the industry. I guess that's where a polite way of saying you have been around a while. But you - you see many things. What do you make of a

situation where we can get to a position of 5G which is in other European airports quite safely and yet the way the rollout has been done in the

United States has caused basically potential chaos?

CLARK: I guess I need to be as candid as I'm normally am. And it's like this is one emersed delinquent utterly irresponsible issues, call it what

you like, I've seen in my aviation career. Somebody should have told them a long time ago that it would compromise safety of operation, of aircraft in

metropolitan areas with catastrophic consequences if this was allowed to continue. I think that message got through at the very, very late stage.

That is why you see the suspension.


CHATTERLEY: Joining us now Nicholas Calio, president and CEO of American -- Airlines for America, which speaks to several big airlines in the United


Nick, I know you were listening to that, utterly irresponsible, catastrophic risks potentially being taken. It seemed like a communications

catastrophe. What happened here in your mind?

NICHOLAS CALIO, PRESIDENT AND CEO, AIRLINES FOR AMERICA: Well, this issue has been ongoing a long time, Julia. And first of all, thank you for having


And it is irresponsible. We filed comments. We, Airlines for America, as well as the Transportation Department and the Federal Aviation

Administration with the Federal Communications Commission over time. And basically, we pointed out the dangers of the bandwidth problem and the fact

that there could be interference with radio altimeters because how close the spectrum was to where the altimeters are used.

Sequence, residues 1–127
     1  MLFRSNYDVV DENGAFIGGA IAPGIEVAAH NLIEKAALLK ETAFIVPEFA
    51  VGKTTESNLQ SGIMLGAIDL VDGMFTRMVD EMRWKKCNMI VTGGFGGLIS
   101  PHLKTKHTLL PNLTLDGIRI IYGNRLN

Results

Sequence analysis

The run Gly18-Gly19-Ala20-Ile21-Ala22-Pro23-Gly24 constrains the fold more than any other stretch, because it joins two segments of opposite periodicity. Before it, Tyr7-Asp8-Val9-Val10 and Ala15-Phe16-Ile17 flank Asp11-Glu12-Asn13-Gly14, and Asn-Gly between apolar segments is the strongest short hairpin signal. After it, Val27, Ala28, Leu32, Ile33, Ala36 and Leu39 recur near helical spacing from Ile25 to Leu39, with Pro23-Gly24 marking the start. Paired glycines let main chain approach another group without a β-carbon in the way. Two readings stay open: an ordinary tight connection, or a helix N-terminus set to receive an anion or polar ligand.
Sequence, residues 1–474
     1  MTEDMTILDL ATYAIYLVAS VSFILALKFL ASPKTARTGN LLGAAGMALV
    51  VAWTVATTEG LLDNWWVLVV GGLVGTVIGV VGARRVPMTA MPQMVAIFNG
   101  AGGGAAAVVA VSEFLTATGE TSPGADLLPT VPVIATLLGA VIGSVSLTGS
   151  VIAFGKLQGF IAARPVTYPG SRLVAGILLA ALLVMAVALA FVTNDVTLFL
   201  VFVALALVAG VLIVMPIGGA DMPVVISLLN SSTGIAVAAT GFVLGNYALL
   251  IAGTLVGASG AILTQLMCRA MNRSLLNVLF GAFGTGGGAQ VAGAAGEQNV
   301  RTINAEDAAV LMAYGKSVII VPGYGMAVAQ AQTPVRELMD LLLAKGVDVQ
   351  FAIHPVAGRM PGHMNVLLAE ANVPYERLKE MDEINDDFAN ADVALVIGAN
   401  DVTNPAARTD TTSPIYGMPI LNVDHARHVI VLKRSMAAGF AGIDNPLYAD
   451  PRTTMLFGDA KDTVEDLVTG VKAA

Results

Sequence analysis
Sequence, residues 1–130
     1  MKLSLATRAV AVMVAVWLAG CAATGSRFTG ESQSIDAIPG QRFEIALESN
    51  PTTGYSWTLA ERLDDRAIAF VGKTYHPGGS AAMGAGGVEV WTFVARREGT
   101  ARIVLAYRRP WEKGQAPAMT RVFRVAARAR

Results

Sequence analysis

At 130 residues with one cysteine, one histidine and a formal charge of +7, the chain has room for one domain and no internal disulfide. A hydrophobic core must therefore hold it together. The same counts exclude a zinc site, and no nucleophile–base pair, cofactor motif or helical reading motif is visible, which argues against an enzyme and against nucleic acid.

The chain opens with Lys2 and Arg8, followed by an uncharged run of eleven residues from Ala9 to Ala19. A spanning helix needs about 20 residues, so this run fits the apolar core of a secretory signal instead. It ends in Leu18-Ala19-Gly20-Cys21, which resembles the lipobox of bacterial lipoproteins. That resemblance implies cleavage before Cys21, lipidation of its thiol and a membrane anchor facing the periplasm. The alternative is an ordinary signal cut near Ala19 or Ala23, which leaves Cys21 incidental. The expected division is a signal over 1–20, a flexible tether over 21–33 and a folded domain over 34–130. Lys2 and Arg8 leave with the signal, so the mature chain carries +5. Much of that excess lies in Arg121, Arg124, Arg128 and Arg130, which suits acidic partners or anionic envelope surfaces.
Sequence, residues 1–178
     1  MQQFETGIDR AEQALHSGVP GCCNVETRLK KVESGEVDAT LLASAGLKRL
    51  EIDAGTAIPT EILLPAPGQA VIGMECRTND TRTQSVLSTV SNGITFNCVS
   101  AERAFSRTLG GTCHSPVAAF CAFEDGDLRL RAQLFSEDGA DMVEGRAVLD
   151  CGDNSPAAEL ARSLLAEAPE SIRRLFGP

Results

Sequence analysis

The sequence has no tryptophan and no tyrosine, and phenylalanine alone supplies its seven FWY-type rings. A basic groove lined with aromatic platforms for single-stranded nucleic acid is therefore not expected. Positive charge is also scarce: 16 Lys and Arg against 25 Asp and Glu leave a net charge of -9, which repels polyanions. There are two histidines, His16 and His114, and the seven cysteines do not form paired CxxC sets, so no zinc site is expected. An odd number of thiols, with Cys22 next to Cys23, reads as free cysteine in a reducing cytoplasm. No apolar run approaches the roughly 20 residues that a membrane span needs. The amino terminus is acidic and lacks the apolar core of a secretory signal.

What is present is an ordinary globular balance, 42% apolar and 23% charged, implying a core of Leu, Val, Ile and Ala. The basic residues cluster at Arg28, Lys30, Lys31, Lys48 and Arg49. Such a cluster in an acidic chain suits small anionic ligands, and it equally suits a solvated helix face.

And we don't feel like we got a very good hearing. Basically, we feel like we're ignored. So, this situation festered. And it became more and more

intense as the deployment was about to happen. And you know, for the Federal Aviation Administration and Department of Transportation, the

bottom line on everything is safety.


Safety for passengers. Safety for cargo. And that's something they cannot compromise on. So, we kept making our case. We felt like we were ignored

for a long time. But the fact of the matter was, all sorts of planes were going to be cancelled, whole fleets were going to be grounded. It's a very

untenable situation.

The good news is that the administration right up to the president, the secretary of Transportation, National Economic Council, aviation

stakeholders across the board, with the manufacturers, and the airlines got together, and the telecommunications companies finally started talking.

Highly complex technical issues here that need to be worked out almost on a tower-by-tower basis. So, we're at a good place right now. The problem is

not solved. And we got a lot of work to do. And everybody needs to keep doing this work with a real sense of urgency to get it done so that planes

can keep flying and we can deploy 5G at the same time.

CHATTERLEY: I mean, it might be a good point to be at if that we are now seeing finally communicating and that risks to your point were avoided for

the most part. But not without significant disruptions to some of the international airlines and we heard from the president of Emirates there